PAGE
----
|Photo: Beth Jennings|
In the human body, the sternum is a flat, T-shaped bone which sits in the centre of the chest. Its function is to protect the heart and other organs from external trauma. You won’t find this out in Maybe You Could Crack My Sternum, but you may elicit something about the metaphysical emptiness which its performers Emma (Hall) and Emma (Smith) describe as being like that mysterious indentation just below the ribcage.
MYCCMS (as it will be convenient to call it) is a brief but ebullient exploration of female anxiety as experienced by 20- and 30-somethings. In the opening minutes we are introduced to some of the (presumably real life) characteristics that distinguish the two Emmas – their favourite drinks and pastimes and so on – but they are virtually interchangeable. Dressed in matching white t-shirts and underwear only, they are more ciphers than genuine characters although differences do emerge; the wide-eyed, almost six feet Emma Hall gives a restrained and quietly mischievous performance, whereas her much shorter namesake is angry and elastic, at times worryingly unstable.
In rapid, often surreal scenes, the Emmas navigate the fraught transition from adolescence to young womanhood. Internet dating, eating disorders and depression are all touched on but the script is fast moving and densely imagistic; in short, hard to pin down. The all-white set, designed by Taryn Dudley and perceptively lit by Jackson Trickett, is similarly opaque, though its geoboard-inspired webs hint at the complexities and confusions of the Emmas’ attempts to connect with men, the world, and each other.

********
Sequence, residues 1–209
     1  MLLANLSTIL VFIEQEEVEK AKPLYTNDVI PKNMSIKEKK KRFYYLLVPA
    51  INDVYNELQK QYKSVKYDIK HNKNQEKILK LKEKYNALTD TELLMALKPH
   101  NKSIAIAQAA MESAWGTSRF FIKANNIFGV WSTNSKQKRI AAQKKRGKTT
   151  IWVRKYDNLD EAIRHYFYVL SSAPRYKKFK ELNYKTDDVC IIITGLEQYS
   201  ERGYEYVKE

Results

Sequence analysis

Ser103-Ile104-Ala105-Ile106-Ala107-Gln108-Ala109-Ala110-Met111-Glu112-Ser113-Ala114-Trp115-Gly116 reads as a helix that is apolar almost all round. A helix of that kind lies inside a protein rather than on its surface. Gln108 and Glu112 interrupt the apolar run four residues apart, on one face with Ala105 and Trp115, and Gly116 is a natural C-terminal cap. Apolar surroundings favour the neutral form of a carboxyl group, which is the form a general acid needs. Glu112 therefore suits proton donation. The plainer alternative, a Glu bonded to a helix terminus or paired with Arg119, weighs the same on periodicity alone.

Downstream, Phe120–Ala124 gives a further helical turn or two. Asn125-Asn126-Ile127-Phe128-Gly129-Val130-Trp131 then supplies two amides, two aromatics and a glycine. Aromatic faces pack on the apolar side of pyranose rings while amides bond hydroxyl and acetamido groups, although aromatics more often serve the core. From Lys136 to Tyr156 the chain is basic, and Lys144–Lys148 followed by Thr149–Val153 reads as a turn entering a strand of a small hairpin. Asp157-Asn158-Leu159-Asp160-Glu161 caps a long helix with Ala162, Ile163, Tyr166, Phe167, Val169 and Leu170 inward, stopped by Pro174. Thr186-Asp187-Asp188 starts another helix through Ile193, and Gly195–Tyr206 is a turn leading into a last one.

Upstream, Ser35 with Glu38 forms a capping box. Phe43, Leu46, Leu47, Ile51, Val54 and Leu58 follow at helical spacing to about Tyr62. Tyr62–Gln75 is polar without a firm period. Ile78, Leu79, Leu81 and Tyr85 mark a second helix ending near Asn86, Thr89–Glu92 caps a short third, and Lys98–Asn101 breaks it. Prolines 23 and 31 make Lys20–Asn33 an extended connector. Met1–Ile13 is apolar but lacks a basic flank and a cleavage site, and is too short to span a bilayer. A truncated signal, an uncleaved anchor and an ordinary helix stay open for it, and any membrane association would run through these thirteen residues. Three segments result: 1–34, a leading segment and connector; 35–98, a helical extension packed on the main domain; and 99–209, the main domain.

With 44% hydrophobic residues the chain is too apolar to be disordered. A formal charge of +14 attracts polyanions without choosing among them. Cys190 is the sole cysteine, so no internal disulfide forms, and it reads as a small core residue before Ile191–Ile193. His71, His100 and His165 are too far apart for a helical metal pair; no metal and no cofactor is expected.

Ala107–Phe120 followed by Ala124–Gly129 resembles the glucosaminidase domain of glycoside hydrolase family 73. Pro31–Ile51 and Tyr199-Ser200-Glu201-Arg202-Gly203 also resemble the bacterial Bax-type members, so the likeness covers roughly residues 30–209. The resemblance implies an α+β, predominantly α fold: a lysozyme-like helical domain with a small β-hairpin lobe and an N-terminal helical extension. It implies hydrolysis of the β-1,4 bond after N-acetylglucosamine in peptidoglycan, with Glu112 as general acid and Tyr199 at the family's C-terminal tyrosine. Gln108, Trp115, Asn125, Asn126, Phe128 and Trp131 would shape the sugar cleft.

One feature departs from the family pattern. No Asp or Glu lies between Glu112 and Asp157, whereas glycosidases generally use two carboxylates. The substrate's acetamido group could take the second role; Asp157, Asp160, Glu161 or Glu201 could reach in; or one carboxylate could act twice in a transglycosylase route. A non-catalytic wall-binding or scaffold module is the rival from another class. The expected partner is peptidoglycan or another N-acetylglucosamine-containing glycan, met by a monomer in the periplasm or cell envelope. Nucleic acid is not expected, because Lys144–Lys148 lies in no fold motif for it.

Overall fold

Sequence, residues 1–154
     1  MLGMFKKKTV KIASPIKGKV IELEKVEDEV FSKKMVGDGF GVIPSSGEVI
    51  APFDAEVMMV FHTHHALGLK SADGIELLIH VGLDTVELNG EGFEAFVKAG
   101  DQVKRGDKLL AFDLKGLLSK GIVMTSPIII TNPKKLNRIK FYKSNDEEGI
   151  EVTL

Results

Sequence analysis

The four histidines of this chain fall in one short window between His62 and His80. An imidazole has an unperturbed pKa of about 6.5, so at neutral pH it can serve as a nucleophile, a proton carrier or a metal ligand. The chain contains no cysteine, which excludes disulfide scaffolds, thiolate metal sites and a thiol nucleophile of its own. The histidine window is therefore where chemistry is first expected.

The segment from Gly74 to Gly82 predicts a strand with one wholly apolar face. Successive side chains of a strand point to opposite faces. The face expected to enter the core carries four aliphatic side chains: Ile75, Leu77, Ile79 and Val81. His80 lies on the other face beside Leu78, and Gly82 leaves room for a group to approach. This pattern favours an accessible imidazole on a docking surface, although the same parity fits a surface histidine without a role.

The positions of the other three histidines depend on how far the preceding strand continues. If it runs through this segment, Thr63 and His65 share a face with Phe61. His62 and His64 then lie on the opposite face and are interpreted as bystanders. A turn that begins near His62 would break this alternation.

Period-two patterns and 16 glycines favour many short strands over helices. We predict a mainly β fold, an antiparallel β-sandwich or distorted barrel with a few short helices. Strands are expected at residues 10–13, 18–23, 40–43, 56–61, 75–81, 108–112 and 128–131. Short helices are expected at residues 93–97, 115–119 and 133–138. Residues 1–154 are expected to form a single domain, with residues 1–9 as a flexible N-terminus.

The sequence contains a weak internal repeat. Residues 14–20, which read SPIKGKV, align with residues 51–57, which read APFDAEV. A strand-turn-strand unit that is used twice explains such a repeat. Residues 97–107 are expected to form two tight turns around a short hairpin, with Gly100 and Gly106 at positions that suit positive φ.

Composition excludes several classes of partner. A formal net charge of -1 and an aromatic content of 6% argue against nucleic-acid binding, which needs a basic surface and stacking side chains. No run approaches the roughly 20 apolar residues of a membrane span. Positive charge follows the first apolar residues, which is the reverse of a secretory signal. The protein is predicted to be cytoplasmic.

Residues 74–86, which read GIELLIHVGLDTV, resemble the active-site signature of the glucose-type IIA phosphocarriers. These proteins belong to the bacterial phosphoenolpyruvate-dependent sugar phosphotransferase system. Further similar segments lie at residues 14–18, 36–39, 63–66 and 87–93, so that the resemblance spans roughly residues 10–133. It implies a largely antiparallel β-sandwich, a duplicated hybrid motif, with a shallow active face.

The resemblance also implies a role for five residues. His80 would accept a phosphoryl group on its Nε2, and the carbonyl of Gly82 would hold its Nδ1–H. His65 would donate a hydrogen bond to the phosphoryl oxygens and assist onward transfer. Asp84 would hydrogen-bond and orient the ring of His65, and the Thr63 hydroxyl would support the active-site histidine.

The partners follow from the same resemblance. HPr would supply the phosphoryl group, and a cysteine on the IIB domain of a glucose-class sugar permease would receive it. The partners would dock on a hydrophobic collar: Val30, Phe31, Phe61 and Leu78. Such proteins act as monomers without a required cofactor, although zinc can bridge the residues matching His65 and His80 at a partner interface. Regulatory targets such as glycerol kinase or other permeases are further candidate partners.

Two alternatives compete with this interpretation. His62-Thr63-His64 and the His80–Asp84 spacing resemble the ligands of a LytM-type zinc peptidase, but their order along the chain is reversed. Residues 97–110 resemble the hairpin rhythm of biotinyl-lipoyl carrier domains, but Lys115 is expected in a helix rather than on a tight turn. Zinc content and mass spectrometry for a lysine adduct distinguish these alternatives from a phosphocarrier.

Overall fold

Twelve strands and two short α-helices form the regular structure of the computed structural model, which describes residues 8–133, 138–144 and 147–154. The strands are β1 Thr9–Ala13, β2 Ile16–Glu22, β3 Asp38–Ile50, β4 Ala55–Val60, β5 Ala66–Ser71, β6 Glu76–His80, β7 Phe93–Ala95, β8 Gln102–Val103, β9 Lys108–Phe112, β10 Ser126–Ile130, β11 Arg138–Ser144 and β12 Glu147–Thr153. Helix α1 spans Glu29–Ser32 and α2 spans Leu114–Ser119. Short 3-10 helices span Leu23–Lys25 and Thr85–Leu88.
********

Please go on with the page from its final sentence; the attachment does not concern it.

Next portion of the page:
If MYCCMS has one abiding problem, it is that its performers can’t seem to register when their eccentricities stop being charming and start to look a lot like self-indulgence. The show is entirely self-devised, and I couldn’t help but wonder if the involvement of a director or outside eye might have usefully diluted some of this excess and, perhaps, steered the script in one or two riskier directions. MYCCMS is weakened (though, happily, not fatally) by its unending cutesiness. The show isn’t long enough for this oneness of tone to really grate, but it is odd that in a play that is, in part, about human connectivity, Hall and Smith do so little to connect with us. Their intimacy, though potent and clearly deeply felt, eventually has a distancing effect. The audience feels shut out.
I understand that the company regards MYCCMS as a work in progress. It certainly feels like one, although there is plenty to go on. The writing, often evocative and understatedly funny, is already strong, and both Emmas are fine performers whose onstage chemistry, if given the necessary checks and balances, will undoubtedly prove an asset to future productions.